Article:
From birth, we are taught the days of the week, the months, and the seasons. We are trained to live our lives in a timely manner, completing a checklist of items by certain ages. We get caught up in the clean slate of a new year, pretending that everything that happened yesterday or ten years ago isn’t worth our while anymore, since this year is going to totally be your year, girl. But measuring your life in days, weeks, and years is futile. Stop being happiest on Friday afternoon and most depressed on Sunday night.
Instead, measure your life in laughter. Count the heartbreaks rather than days. Measure the week in cups of coffee, not hours spent in a conference room listening to your boss talk about projected savings. Measure your life in chances taken and mistakes made. Measure it in tears shed during sad movies, in concert ticket stubs, misty Sunday mornings, and 2 am fights in the kitchen. Start over. Keep track of the number of times you packed up and moved to a brand new city with nothing but your suitcase and a one-bedroom apartment lease. Stop spending all your time reading 20-something articles. You are not just a 20-something. You’re a “figuring life out while being dumb and going to happy hour too often” – something. And while we’re at it, stop calling it happy hour. Just because you’re happy for one hour of the day doesn’t mean you shouldn’t be for the other 23. Make it happy day, week, year, life. (But don’t become an alcoholic.)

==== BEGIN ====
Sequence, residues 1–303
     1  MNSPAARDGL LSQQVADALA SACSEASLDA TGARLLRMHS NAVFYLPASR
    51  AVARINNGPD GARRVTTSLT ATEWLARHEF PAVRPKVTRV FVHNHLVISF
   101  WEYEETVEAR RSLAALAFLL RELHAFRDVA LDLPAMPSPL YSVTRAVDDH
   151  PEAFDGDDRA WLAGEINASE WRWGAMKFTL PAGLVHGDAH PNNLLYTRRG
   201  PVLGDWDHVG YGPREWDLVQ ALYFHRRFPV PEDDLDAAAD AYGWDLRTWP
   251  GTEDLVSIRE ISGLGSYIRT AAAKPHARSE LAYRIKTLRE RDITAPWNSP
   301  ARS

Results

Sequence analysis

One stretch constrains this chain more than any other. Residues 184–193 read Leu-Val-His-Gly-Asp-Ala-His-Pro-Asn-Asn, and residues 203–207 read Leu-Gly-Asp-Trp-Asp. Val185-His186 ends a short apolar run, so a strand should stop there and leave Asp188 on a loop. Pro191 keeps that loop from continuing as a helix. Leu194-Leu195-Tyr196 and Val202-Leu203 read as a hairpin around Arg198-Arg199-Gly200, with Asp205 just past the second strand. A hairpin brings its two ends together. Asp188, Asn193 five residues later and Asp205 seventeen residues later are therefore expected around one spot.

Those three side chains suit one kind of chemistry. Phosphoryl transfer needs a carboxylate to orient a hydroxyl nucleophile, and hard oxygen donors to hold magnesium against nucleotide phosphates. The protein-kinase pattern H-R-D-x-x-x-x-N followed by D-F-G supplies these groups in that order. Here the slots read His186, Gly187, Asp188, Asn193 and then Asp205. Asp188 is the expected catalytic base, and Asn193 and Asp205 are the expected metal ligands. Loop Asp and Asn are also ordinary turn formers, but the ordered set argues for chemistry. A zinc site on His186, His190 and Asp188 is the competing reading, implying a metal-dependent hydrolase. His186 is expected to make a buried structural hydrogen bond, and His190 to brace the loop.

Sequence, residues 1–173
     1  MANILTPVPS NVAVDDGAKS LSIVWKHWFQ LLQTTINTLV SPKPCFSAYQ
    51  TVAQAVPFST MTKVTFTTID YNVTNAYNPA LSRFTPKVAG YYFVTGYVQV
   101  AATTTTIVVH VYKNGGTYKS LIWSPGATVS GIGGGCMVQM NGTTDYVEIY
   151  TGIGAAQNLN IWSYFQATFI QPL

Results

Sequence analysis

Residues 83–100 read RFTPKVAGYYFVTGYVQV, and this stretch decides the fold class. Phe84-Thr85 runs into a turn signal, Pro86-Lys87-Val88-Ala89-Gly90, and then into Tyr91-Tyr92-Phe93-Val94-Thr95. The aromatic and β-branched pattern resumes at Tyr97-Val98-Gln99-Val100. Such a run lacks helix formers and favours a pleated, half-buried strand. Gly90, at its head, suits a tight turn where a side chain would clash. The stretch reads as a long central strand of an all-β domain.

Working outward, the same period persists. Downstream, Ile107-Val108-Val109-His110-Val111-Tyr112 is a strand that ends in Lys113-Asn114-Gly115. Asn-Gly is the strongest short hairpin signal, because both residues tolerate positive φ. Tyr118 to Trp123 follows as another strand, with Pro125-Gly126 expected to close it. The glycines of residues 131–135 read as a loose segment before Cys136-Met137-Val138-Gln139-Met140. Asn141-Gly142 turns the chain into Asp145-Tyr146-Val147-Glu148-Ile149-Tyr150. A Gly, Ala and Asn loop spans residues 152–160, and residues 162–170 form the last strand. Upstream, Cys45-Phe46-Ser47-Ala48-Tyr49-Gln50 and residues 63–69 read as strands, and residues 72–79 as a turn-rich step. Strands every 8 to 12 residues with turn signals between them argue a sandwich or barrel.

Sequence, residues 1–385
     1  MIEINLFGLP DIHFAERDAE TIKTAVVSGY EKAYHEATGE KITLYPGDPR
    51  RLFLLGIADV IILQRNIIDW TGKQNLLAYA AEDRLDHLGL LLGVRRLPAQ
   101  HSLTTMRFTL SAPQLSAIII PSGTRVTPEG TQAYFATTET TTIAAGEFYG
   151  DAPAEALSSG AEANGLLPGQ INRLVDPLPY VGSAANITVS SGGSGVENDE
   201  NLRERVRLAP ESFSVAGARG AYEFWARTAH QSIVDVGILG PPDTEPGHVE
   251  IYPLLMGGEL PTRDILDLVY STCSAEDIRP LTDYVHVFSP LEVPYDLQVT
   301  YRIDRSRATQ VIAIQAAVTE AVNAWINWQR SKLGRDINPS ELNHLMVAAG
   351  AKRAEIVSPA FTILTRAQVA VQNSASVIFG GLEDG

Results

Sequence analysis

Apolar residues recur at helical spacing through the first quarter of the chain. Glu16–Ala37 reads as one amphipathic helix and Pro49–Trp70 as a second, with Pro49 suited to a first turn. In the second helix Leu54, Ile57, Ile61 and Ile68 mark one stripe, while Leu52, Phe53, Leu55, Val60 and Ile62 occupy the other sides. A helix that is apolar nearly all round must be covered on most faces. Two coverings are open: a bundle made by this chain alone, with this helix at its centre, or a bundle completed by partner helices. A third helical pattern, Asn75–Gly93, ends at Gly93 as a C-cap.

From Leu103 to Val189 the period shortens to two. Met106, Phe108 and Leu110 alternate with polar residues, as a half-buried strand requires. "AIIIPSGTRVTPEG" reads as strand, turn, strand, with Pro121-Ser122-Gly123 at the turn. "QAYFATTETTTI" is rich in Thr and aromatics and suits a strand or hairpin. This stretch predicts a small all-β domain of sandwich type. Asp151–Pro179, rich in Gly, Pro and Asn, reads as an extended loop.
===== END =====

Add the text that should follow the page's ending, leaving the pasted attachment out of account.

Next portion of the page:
Measure your life in soul-crushing love, clumsy first kisses, and lonely yet comfortable Tuesday nights with nothing but The Voice and a bottle of Barefoot. Measure your life in the number of nights spent staring at just a pizza box and an empty apartment and compare that to the number of full houses and family reunions, baby showers and graduations. Measure your life in puppy dog eyes and Friday-afternoon bouquets of roses. Count the years in love letters and postcards, or your grandma’s button collection. Watch the home videos that were lost in the back of a closet somewhere and count the number of times your parents said your name with such conviction in their voices.
By the end of your life, be able to say “I’m 15-countries-traveled old,” or “I’m 80-Christmas-mornings old,” or “I’m countless-times-of-sneaking-into-the-movies old,” rather than “I’m x-years-old and spent every year just trying to get to the next.” Measure your life in the number of times it took you to get that chicken dish just right, or the number of sticky toddler fingers that reached up to you, and years later called you on the phone crying of homesickness from miles away. Measure the fires in the hearth and the ones in your heart.
Count the little things, the big things, the heartbreaking things, and the beautiful things. Don’t let the changing of the seasons change you. Life is not measured in time. Life is measured in living.